Broadway Summer Surge. Mormon’s Andrew Rannells and Josh Gad Reunite. #Stageworthy News of the Week

Three Broadway plays are closing next Sunday, July 2:

Fat Ham
Prima Facie
The Sign in Sidney Brustein’s Window

 – and four more Broadway shows are closing during the summer:

Life of Pi and Peter Pan Goes Wrong on July 23
 Parade on August 6.
Good Night, Oscar on August 27 

But an unusual number of shows are opening early in the Broadway 2023-2024 season. Two have already done so, a third is opening tonight, and there will be five more before September.  That’s eight Broadway openings before the Fall, compared to two in each of the previous two seasons. Of course, those were immediately after the pandemic lockdown, still scrambling to recover. But even the pre-pandemic seasons rarely offered more than four.

The Week in New York Theater Reviews

Once Upon a One More Time 

One more time indeed!  Like “& Juliet,” this jukebox musical features songs made popular by Britney Spears; like “Bad Cinderella,”  its central character is a rebellious version of Prince Charming’s one-shoed love interest;  like “Six,” the show is a high-energy spectacle with a rock concert vibe, featuring a multicultural group of colorfully-costumed performers portraying female figures from the past (in this case fairy tale princesses) who loudly proclaim a frilly type of feminism — less fourth wave than sonic wave.

If “Once Upon a One More Time,” opening at Broadway’s Marriott Marquis Theater tonight, is clearly not strikingly original, the story does have a few distinctive touches, and the production Broadway-level pleasures


John Rubinstein’s performance as Dwight Eisenhower, which quietly and effectively brings out what’s funny and what’s poignant in the script, is in most respects as welcome as all the other performances I’ve seen of his…But “Eisenhower: This Piece of Ground” seems intended as a history lesson in defense of the 34th president, and perhaps a lesson about historians. As history, it gave me pause.

The Week in New York Theater News

Gutenberg The Musical, the spoof of a bad Broadway musical, is coming to Broadway, reuniting the original stars of The Book of Mormon, Josh Gad and Andrew Rannells, opening October 12 at James Earl Jones Theater. Two aspiring musical theater writers, Bud and Doug, are putting on an investor’s reading of their new work about the invention of the printing press, which takes many liberties to make it more Broadway-worthy, adding a love interest, fabricating a villain, and getting everything wrong. The musical was irst presented twenty years ago at the comedy club Upright Citizens Brigade by the duo who went on to dramatize Beetlejuice, Scott Brown (former theater critic at New York Magazine) and Anthony King, 

This makes twelve shows in the Broadway 2023-2024 season with official opening dates and theaters

Alex Brightman and Colin Donnell join Ian Shaw in ‘The Shark Is Broken’”  about the making of the movie “Jaws,”  Brightman portraying Richard Dreyfuss and Donnell Roy Scheider. The show’s co-writer Ian Shaw portrays his father Robert Shaw.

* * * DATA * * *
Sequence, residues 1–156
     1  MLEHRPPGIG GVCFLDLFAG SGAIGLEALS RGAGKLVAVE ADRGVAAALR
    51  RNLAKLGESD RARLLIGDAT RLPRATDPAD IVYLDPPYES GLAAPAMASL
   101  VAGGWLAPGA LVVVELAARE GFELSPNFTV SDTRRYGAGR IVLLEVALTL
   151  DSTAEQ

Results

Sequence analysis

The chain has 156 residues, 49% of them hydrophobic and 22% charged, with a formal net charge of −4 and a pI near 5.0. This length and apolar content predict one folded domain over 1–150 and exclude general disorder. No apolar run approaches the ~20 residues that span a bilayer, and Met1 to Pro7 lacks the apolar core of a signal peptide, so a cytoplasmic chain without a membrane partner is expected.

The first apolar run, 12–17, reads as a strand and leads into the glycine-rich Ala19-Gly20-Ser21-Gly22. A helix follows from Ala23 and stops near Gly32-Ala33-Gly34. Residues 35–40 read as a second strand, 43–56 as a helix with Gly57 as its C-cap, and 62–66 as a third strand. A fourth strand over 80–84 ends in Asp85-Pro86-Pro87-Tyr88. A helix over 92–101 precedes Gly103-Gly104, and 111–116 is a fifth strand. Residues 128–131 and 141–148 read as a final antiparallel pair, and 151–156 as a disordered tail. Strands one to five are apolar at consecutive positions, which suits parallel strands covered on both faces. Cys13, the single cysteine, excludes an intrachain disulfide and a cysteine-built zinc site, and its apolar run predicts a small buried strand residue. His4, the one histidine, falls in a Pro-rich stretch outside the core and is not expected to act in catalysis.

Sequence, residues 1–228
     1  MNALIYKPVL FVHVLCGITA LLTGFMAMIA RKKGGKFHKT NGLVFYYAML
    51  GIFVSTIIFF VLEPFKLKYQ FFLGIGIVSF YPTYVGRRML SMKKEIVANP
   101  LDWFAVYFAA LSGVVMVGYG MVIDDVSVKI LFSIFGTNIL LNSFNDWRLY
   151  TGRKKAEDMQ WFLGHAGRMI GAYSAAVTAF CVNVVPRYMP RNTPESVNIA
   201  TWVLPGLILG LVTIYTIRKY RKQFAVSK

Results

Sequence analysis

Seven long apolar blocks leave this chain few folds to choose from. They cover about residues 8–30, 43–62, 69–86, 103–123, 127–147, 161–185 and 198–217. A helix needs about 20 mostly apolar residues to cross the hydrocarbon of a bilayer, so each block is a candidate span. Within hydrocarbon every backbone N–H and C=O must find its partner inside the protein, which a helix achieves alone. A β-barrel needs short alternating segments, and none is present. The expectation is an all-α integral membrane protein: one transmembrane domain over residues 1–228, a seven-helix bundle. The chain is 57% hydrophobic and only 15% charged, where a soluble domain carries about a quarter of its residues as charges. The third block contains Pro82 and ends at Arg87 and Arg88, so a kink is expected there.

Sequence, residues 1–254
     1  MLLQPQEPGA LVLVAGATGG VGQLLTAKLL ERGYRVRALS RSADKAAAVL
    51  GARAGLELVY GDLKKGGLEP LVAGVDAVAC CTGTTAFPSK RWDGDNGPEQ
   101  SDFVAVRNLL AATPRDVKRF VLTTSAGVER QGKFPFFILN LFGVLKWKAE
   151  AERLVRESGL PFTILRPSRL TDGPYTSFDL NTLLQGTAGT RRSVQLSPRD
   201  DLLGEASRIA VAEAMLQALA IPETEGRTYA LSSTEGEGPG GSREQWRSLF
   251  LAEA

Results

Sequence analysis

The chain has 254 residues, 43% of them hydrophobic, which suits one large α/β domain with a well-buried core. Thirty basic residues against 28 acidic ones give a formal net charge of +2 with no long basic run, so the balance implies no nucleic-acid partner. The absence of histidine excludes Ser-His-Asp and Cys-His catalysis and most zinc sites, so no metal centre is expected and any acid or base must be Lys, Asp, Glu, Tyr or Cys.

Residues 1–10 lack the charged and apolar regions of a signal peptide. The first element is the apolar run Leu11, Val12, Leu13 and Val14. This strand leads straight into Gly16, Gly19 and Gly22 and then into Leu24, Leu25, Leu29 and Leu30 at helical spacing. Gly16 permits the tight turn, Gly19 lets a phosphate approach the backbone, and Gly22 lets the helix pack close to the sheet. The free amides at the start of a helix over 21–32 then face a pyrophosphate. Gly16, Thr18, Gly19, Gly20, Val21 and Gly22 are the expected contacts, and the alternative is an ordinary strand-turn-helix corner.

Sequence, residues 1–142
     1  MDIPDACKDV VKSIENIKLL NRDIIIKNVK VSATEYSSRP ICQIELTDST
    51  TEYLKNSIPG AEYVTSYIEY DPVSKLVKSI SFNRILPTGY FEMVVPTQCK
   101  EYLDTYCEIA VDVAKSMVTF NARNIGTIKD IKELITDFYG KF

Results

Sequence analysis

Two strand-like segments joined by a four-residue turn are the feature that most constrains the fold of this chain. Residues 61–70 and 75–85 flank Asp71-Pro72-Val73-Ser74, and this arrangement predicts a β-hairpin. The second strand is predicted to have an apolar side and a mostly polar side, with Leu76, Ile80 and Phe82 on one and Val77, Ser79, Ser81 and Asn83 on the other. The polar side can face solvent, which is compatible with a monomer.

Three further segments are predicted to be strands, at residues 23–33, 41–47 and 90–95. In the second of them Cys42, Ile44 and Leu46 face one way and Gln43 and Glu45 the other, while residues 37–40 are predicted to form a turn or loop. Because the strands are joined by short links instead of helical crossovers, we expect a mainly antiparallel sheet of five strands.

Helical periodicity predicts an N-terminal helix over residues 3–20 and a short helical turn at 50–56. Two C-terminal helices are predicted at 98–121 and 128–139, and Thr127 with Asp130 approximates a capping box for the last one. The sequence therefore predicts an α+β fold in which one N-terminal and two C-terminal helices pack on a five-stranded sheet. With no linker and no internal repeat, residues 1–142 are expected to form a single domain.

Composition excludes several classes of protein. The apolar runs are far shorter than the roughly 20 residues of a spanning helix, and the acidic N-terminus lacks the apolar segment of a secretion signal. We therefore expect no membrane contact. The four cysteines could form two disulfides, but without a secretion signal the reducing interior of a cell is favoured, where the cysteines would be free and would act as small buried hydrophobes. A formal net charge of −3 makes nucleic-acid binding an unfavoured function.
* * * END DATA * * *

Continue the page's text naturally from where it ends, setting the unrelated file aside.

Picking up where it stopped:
Sara Holdren will return as theater critic for New York Magazine/Vulture. She previously served as New York’stheater critic from 2017 to 2019, then left to resume her directing career. She was replaced by Helen Shaw, who was then hired by the New Yorker. Jackson McHenry, who succeeded Shaw, will continue to review theater alongside Holdren.

Tony Awards Give a Box Office Boost to Prize-Winning Shows (NY Times),  especially best play “Leopoldstadt” and best musical “Kimberly Akimbo.

Life of Pi , even though it won three Tony Awards, and offers astonishing stagecraft, hasn’t benefited from the “Tony bump,” and announced that it will close July 23rd

Olivier Award-winner Hiran Abeysekera will play his final performance as Pi Patel on Sunday, July 9th.  Cast member Uma Paranjpe, in a gender flip, will be playing the role of Pi beginning Tuesday, July 11,

Broadway in Bryant Park in July: Back to the Future, Disney, Wicked…Moulin Rouge (pictured)

Philippe Arroyo as Francois Justin David Sullivan as May in & Juliet

Happy Pride: LGBTQ characters in 8 current Broadway shows

The 46th class of Kennedy Center honorees (the first three of whom have Broadway credits)

actor and comedian Billy Crystal

Opera star Renee Fleming

Bee Gees’ Barry Gibb

Hip hop pioneer and actress Queen Latifah

Singer Dionne Warwick

The ceremony will take place Dec. 3 and be broadcast at a later date

In Memoriam

Sheldon Harnick, 99, lyricist with Jerry Bock of “Fiddler on the Roof,” “Fiorello!” “She Loves Me,” and many more.
Harnick was one of the three great lyricists of musical theater in his era (the others were Stephen Sondheim and Fred Ebb.) Only Harnick’s work on Fiddler “was widely known outside the world of theater lovers. But within that world, his subtle craft and character insight were universally acknowledged. Sondheim called his lyrics ‘impeccable.’”

Paxton Whitehead, 85, actor and writer best known for playing stuffy characters on TV shows like Friends but also a 17-time Broadway veteran, including a Tony nominee for his role in Camelot.

Jack Goldstein, 74, former TDF executive director and, before that, head of Save The Theaters, which pushed to have 27 Broadway theaters landmarked after five were destroyed by real estate developers.

This Week’s Theater Video

Author: New York Theater

Jonathan Mandell is a 3rd generation NYC journalist, who sees shows, reads plays, writes reviews and sometimes talks with people.

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